The days of megahertz and gigahertz are nearly over, and working out who’s got the fastest computer will take a degree in mathematics.

Are you convinced that you’d finish work sooner if you had a faster computer? In my experience, the speedier your workstation the more work you’re given – and you’re usually the last person out of the studio. So the faster your computer, the slower you are to finish work. I’m not sure if this is curious, obvious or just bloody annoying…

It used to be easy to tell who had the fastest computer. Take a look at the smug expression on Mr 3GHz’s face when he hears the startup sound and is able to work almost immediately while you sit staring at the splash screen and trundling progress bar. If you’ve had enough of Windows’ egg-timer or the Mac’s spinning beach ball, going out to purchase the latest speed monster appears to be the quickest solution. How many GHz would you like? One? Oh, come on! Two? Ho ho, you can do better than that… A hundred? Steady on!

Apple has talked its throat sore on the issue of what is still charmingly called the “Megahertz Myth” – no one outside of Albania sells a computer in MHz these days – pleading with a none-too-interested public that processor speed isn’t the be-all and end-all of PC performance. There’s hard-drive speed, cache, system bus, amount of RAM, type of RAM, video card, I/O connections…zzzzzzz. All we want is a single number bigger than anyone else's, so give us the gigahertz!

Intel made its name offering the biggest numbers in the business. Then along came chip competitor AMD, whose processors sometimes beat Intel’s Pentium at real-world tasks but ran a little slower – and so had smaller, less appealing numbers. AMD simply stopped boasting about ever-greater GHz, and talked about industry benchmarks that showed its chips were faster despite the smaller numbers. Now, Intel has been forced to admit that megahertz and gigahertz aren’t the only things you should look out for when picking a PC.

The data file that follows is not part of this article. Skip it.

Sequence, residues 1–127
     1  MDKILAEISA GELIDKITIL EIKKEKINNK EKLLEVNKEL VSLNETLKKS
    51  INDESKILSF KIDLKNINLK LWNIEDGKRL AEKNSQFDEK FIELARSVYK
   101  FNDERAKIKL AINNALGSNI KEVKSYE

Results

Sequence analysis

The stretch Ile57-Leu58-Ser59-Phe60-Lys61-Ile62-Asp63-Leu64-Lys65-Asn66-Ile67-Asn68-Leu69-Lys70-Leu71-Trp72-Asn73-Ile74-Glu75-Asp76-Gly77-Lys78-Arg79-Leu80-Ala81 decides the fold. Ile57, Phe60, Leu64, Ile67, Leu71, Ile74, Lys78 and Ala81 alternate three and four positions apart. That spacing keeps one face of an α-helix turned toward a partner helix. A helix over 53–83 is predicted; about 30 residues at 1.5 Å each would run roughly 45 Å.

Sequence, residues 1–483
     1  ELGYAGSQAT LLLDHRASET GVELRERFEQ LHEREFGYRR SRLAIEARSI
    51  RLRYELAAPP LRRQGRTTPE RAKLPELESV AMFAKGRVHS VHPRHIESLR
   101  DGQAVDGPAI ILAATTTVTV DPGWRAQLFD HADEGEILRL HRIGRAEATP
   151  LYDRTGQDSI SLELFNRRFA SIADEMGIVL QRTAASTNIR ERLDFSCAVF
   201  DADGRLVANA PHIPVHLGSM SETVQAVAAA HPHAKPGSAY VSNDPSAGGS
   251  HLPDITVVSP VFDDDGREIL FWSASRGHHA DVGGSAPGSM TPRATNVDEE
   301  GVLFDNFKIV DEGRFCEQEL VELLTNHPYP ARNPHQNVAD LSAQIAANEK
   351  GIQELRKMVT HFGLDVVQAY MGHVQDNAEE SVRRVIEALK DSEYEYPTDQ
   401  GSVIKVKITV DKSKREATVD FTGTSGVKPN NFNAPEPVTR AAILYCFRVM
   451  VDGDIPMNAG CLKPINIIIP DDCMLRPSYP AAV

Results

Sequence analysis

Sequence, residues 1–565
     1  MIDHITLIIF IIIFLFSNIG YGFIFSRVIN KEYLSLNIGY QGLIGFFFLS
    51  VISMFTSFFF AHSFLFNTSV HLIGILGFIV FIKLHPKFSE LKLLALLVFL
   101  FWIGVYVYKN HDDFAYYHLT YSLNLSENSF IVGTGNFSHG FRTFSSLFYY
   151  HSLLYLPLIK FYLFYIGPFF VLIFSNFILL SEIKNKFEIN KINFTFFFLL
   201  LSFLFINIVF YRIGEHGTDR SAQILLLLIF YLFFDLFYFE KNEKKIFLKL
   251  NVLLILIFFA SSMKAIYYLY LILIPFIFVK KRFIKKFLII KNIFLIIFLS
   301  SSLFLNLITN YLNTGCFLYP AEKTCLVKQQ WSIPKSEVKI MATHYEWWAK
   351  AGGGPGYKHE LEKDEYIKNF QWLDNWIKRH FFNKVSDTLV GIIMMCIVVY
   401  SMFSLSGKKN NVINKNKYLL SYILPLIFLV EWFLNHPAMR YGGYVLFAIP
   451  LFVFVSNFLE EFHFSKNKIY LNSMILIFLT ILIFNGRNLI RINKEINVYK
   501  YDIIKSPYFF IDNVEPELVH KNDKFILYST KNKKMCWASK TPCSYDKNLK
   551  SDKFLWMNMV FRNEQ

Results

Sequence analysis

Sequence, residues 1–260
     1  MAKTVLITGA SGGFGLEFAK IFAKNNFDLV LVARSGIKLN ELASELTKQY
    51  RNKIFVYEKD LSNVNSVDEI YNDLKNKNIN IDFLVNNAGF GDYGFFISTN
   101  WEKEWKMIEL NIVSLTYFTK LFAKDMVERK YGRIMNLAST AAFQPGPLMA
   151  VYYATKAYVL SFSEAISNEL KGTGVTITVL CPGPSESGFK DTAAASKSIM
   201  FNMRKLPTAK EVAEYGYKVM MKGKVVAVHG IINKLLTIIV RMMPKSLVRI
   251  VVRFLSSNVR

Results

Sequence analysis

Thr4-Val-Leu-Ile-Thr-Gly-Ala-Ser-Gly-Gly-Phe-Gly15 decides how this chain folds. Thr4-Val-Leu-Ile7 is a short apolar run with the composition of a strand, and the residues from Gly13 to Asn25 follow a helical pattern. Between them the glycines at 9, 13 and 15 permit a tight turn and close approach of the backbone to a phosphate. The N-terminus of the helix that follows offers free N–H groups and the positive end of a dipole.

“The numbers aren’t indicative of any level of performance, unless you redefine what performance means,” explained Don MacDonald, vice president of Intel’s sales and marketing group. Intel is replacing its big numbers with other numbers that indicate the level of features in each series of chip. Pentium M chips will carry the higher 700-series moniker, while faster clock-speed Pentium 4 Mobile CPUs will make up the 500 series. Mobile Celeron products will carry the 300-series brand. Today’s 3.4GHz Pentium 4 might become a Pentium 4 550. And a similar P4 chip, running at the same speed, but with a larger L2 cache, might receive a higher processor number such as 555.

Intel says that higher-numbered processors in a lower series will sometimes outperform lower-numbered processors in the series above, while identical numbers for desktop and notebook processors may represent very different feature sets.

Yes, working out which is the fastest computer is no longer easy. And while this is a pain in the PC, it should at least mean that nobody will know yours is the best PC in the studio, and less of the heavy jobs will land on your desk. If you want to leave work early, a slow computer – or one that no one knows is lightning fast – is the perfect desktop companion. Take it easy – the tortoise gets home before the hare.